There’s a similar page for EU referendum polls

  14. Omni – thanks. Very useful.

  15. Green Party support seems to have totally disappeared…

  16. @Interested

    Not very surprising given that the people voting for them at the GE were essentially Corbynistas.

  17. @interested

    They’ve gone to Labour. But Labour report has stayed fairly stable since the election. So while Labour has been boosted by Greens (making their voter distribution even less efficient), I think some Labour support has gone to other parties since May. Difficult to tell where it’s gone, and in what quantities.

  18. “Labour report”
    Labour support*

  19. @Interested,

    3% isn’t nothing, but yes it’s not great. They’ve had zero publicity since their conference. They’ve probably the worst votes to membership ratio of any reasonably serious political party right now.

  20. @Omnishambles

    Seeing as the LDs are up to 10 maybe thats where some has gone. In Scotland, more haemorrhaging to the SNP?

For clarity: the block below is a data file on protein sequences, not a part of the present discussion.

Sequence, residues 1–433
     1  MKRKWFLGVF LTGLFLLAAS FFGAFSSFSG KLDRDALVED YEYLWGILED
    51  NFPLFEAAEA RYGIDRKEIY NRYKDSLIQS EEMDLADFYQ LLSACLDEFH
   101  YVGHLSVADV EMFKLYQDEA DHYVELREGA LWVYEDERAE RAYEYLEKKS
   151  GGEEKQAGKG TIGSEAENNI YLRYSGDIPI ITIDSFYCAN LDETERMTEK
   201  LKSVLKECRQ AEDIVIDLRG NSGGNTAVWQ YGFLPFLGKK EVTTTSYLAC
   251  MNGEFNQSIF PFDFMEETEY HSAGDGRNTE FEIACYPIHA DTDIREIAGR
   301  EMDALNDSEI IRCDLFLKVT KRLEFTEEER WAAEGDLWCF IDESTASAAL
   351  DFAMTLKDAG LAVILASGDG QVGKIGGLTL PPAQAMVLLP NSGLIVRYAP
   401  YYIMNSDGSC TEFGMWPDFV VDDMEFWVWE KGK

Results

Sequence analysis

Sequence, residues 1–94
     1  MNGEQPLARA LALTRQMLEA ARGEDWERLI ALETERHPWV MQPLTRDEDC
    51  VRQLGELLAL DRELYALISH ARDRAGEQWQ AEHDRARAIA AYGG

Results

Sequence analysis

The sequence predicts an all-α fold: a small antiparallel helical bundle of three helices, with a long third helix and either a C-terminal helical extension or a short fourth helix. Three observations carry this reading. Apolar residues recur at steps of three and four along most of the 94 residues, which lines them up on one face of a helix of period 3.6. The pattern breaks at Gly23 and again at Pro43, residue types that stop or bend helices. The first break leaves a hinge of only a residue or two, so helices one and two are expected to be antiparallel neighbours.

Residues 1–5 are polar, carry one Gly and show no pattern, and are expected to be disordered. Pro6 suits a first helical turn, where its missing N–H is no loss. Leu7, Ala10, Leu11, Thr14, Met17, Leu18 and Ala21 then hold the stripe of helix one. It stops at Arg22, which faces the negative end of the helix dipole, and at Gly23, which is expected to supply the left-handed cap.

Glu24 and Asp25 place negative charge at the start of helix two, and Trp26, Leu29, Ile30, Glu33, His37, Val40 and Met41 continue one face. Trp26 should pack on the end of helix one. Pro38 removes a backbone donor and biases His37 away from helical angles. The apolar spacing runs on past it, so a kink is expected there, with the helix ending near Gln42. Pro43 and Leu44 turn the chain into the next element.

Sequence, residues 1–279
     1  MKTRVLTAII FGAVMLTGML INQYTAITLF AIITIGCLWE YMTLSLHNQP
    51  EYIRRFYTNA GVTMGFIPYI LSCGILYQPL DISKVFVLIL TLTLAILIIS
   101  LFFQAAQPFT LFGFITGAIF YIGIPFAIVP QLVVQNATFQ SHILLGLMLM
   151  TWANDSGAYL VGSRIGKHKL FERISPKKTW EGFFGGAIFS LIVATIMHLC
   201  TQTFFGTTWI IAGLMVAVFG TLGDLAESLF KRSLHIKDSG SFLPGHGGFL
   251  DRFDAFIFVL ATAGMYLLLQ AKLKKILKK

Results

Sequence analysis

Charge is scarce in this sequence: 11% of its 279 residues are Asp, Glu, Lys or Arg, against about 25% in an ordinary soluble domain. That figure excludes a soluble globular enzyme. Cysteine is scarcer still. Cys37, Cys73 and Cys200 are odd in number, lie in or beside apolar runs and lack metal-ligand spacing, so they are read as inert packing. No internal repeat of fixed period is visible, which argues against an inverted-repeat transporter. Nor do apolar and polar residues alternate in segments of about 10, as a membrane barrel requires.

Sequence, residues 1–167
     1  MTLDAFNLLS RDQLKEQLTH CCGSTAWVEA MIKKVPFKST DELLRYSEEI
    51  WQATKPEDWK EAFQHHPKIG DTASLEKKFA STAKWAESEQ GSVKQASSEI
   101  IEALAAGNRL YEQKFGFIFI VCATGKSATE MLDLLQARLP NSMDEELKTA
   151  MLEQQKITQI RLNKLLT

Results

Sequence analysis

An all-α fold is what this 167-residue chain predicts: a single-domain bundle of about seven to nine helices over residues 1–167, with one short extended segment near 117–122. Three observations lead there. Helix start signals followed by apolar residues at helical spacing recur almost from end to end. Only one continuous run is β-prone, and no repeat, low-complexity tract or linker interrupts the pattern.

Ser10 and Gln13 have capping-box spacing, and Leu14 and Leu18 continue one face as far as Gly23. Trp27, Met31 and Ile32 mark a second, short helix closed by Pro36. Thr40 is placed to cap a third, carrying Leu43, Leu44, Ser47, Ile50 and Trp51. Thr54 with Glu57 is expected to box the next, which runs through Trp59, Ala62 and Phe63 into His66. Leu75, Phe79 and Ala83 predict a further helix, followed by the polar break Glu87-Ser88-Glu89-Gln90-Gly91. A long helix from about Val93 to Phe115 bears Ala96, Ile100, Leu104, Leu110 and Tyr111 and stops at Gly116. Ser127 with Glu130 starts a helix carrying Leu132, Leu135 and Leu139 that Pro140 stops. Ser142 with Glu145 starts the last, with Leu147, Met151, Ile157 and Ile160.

21. @interested

    Nah, the 10% is just one poll. Lib Dems have been pretty much static since the election. I would guess UKIP are the biggest beneficiaries but there’s no way to know until the 2016 elections.

    Also the extra Green support is only a few percent so if Labour are losing a few percent to other parties, and it’s split, the changes to other parties’ VI would be tiny. Another thing is that everyone has been changing their methodology.


    Yes, I do wonder how the Greens membership will hold up. According to the Graun the membership peaked in August and had dropped by a 1000 toward the end of September.

  23. It seems as though the general media opinion is that the Tories have rather lost the plot on tax credits, from a point of view of spin and narrative control that they are normally so good at. A phrase I’ve heard a lot of commentators spouting recently is “if you’re explaining, you’re losing”, which poses the question: why haven’t the living wage and free childcare caught the public consciousness in the same way the tax credit cuts have? What went wrong with the message? Were people ultimately suspicious of the Tories all along, but voted for them as the lesser of two evils? Did they believe the living wage stuff at the last budget was too-good-to-be-true electioneering?